Campers have been heading to The New Forest for decades and while the trees and heathland are undoubtedly the main attraction, there’s something more to staycation here for. Stretching from Barton-on-Sea to Totton, on the Southampton estuary, there’s 40 miles of coastline fringing the southern side of the national park. A combination of beaches, salt marsh nature reserves and seaside towns make it a fascinating place to visit that you may never have considered… until now.
The New Forest coast
It’s true that the New Forest is known, not to mention named, for its forest landscape but its 40-mile coastline between Bournemouth and Southampton should not be overlooked. With views across the Solent to the Isle of Wight and the Needles, this section of south coast is plied by sailing boats and yachts and is a haven for watersports enthusiasts of all kinds. However you like to take to the water, or even if you just like to sit by it and gaze at it, this is a coastline that’s well with a visit. If you’re on a camping holiday in the heart of the New Forest, why not spend a day at the seaside? Or, if you’re a bit of a waterbaby, how about choosing a campsite that’s near the coast for the best of both worlds?
Lymington – the capital of the New Forest Coast
If you’ve heard of anywhere on the New Forest coastline, it’s likely to be Lymington. This historic town, directly south of Brockenhurst and well linked by road and rail, sits on the west bank of the River Lymington. It’s part ancient seaport, with a historic old quay, and part modern marina, with lots of luxury yachts. It’s a great place to visit with pretty Georgian architecture, lots of shops, pubs and eateries and a bustling Saturday market. It’s also home to the oldest sea water swimming pool in the UK – now thoroughly modernised and great fun for kids (or big kids) with an inflatable assault course and paddleboards for hire.
Beach holidays in the New Forest
For a beach holiday in the New Forest, the western part of the coastline is your best bet. Milford-on-Sea, with its shingle beach, colourful beach huts and ice cream kiosk is a great choice for a family holiday. A few miles along the coast, Barton-on-Sea, has another beach that’s great for paddling and swimming. It has fewer facilities but offers the added attraction of fossil hunting. There are, in fact, 26 miles of beaches on the New Forest coastline and while the most popular ones are at the western end, towards Bournemouth, if you’re looking for somewhere closer to Southampton there’s one at Lepe too. It’s a mile-long stretch of pebbles backed by the pine trees of Lepe Country Park, which has facilities, nature walks and a handy campsite nearby.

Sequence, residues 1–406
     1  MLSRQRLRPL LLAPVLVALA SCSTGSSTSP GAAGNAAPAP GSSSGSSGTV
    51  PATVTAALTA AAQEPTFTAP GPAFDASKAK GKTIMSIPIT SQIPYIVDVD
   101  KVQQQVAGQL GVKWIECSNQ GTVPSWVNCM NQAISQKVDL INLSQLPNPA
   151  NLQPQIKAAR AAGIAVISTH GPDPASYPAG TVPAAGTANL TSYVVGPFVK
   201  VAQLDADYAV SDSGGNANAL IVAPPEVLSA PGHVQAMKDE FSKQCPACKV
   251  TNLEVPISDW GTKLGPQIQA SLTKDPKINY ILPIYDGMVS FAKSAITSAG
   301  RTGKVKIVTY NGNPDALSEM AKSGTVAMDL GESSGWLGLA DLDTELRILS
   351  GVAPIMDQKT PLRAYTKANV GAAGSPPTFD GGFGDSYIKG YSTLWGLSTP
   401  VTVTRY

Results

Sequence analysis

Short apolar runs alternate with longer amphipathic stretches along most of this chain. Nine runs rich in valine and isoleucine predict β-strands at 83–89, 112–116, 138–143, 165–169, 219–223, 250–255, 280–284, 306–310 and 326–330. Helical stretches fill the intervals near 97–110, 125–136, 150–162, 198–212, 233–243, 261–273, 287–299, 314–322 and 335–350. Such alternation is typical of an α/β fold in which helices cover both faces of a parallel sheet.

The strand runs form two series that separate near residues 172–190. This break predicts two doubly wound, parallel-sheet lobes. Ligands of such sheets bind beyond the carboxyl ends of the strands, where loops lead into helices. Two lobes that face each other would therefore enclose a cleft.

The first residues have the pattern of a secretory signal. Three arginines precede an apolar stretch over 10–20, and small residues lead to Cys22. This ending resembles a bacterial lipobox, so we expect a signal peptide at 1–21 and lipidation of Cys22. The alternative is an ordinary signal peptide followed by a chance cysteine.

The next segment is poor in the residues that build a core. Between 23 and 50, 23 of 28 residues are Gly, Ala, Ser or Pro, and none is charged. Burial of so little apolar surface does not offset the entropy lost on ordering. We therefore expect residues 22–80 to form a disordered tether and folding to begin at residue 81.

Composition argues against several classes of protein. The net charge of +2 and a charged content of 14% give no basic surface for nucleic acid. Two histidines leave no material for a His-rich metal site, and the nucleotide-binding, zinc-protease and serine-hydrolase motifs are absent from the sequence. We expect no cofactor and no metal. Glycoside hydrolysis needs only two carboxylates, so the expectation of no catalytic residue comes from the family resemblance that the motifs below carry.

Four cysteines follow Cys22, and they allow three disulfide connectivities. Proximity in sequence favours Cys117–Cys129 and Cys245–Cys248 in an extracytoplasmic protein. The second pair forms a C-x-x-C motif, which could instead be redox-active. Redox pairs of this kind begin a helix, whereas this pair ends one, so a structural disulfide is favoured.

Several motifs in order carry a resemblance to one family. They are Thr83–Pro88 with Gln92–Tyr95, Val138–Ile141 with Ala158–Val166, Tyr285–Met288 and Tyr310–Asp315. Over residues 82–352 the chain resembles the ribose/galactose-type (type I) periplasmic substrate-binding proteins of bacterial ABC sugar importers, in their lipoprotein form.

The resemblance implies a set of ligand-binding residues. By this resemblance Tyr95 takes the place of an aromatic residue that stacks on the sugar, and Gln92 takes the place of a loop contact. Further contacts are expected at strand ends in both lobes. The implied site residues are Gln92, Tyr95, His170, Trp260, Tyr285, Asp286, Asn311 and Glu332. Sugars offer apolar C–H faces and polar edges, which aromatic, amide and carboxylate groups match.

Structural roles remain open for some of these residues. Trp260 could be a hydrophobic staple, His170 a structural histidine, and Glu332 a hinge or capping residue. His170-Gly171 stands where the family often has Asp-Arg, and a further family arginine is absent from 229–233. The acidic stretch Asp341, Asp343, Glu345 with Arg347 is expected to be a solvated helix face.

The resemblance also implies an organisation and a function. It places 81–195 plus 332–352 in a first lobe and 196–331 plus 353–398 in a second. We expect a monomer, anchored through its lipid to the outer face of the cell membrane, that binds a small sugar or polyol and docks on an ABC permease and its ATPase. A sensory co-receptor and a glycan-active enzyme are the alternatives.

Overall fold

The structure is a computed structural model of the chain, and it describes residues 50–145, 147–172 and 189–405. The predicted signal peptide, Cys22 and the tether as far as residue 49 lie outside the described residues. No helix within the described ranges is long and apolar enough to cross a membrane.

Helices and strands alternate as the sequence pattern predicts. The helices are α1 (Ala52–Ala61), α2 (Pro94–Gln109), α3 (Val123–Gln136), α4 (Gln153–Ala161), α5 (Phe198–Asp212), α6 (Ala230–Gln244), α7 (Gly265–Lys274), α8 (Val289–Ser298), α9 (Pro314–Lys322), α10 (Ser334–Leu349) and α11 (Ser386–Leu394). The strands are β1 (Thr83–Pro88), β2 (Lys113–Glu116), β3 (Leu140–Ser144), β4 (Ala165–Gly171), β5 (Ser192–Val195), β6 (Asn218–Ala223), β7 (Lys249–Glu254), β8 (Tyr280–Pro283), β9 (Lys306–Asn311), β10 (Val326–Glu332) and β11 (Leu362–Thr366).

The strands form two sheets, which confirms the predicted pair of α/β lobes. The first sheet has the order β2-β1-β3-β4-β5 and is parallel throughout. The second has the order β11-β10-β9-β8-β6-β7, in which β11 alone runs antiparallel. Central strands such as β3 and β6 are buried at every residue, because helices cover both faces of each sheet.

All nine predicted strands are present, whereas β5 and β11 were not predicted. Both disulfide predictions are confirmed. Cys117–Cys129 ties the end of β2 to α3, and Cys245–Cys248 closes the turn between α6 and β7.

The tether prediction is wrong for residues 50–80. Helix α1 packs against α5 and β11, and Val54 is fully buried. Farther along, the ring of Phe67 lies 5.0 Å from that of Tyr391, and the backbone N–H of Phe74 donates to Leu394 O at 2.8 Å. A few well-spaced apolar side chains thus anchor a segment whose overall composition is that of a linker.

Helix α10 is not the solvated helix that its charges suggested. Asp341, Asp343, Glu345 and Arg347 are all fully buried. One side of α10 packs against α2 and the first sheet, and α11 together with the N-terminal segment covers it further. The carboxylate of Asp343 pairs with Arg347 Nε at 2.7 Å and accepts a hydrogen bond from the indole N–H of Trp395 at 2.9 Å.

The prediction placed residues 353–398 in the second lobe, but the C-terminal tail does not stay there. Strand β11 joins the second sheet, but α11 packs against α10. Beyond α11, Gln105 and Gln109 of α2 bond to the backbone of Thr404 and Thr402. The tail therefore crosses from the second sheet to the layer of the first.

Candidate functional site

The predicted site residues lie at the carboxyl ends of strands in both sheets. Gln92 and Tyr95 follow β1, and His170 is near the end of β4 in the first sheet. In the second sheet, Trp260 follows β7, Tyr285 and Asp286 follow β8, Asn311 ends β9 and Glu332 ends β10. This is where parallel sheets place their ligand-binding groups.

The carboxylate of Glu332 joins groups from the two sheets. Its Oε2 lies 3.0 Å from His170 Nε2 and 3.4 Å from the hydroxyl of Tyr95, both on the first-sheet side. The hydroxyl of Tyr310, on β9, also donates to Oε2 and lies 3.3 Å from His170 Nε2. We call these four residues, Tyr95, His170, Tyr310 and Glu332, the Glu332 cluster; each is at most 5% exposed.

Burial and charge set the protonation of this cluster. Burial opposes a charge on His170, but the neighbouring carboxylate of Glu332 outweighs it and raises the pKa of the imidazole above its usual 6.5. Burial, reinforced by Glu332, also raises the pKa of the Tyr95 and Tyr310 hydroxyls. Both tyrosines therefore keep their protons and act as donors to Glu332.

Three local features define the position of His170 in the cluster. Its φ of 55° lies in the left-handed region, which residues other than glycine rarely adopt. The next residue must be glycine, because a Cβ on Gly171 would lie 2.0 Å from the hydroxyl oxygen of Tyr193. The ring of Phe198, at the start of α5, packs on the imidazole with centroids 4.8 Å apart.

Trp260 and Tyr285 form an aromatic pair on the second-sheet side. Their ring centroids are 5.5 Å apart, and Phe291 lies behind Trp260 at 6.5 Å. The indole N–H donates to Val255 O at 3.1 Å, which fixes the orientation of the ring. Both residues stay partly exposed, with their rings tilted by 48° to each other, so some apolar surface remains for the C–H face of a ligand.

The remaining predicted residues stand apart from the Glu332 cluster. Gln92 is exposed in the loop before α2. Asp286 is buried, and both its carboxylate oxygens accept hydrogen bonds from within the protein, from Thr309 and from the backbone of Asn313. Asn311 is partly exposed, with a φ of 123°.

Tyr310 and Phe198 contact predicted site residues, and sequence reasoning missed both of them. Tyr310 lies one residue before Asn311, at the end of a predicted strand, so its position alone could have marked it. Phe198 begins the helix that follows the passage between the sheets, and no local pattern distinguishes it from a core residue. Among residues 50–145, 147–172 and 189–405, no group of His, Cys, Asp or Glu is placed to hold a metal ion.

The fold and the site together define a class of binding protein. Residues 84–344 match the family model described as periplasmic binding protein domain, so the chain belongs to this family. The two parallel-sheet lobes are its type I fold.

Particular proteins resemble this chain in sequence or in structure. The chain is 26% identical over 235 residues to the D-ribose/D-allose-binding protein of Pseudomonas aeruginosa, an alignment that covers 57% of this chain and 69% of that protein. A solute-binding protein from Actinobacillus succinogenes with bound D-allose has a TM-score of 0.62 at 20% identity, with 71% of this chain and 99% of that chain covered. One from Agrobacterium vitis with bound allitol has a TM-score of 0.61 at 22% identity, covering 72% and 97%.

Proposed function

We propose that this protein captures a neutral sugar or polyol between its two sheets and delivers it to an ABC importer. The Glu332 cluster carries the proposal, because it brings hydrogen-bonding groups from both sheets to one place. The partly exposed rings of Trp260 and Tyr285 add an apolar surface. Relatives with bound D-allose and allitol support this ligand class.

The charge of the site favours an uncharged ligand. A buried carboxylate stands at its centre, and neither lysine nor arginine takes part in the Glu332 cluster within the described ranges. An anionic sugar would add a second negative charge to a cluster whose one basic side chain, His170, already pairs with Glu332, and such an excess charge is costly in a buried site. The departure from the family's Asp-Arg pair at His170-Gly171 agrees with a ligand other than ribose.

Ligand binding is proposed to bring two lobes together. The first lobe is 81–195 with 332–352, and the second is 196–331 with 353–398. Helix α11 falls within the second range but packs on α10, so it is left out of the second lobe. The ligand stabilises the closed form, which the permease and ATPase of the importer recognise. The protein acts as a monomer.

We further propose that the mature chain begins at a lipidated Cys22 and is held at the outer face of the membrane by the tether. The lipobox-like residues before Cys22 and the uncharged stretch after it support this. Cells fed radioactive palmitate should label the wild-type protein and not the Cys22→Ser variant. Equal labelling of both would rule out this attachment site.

Wildlife on the New Forest coast
Inland it’s the New Forest ponies, deer and woodland wildlife which captivate nature lovers. On the New Forest coast however, it’s the birds that attract attention – although New Forest ponies do occasionally make their way to the coast too. There’s a bird hide at Lepe Country Park which gives you a chance to watch wading birds in reed beds on the banks of the Dark Water River which wends its way to the sea here. Lepe is part of the North Solent National Nature Reserve, 820 hectares of varied habitat that attracts birds and butterflies to its wildflower meadows as well as its waters. There are more waders at Keyhaven where the salt marshes form part of a nature reserve that’s managed by the Hampshire and Isle of Wight Wildlife Trust. Here you can see oystercatchers, brent geese and marsh harriers among others. And if you’re not a dedicated twitcher, no worries, it’s a lovely natural place for a walk nonetheless.
Attractions on the New Forest coast
There are two characteristically round Tudor castles on the New Forest Coast both built by Henry VIII. One is at Calshot, a spit at the entrance to Southampton Water and the other is a little further west on another spit stretching towards the Isle of Wight. This one is the grander Hurst Castle, a pleasant walk away from Milford-on-Sea. Both are open to visitors. At Calshot, the castle sits next to a former RAF hangar which is now used as the UK’s largest activity centre offering a range of adventurous activities out on the water and on land at their indoor climbing wall and dry ski slope. Further up Southampton Water, towards Totton, is Eling where the Eling Tide Mill Experience showcases how the tides have been used to power a flour mill for 900 years. Head up another waterway, the Beaulieu River, to visit another museum at Buckler’s Hard. This one is devoted to the village’s history as a centre for shipbuilding which used New Forest oak to build more than 50 ships for the Royal Navy.
By Amy Woodland, February 2021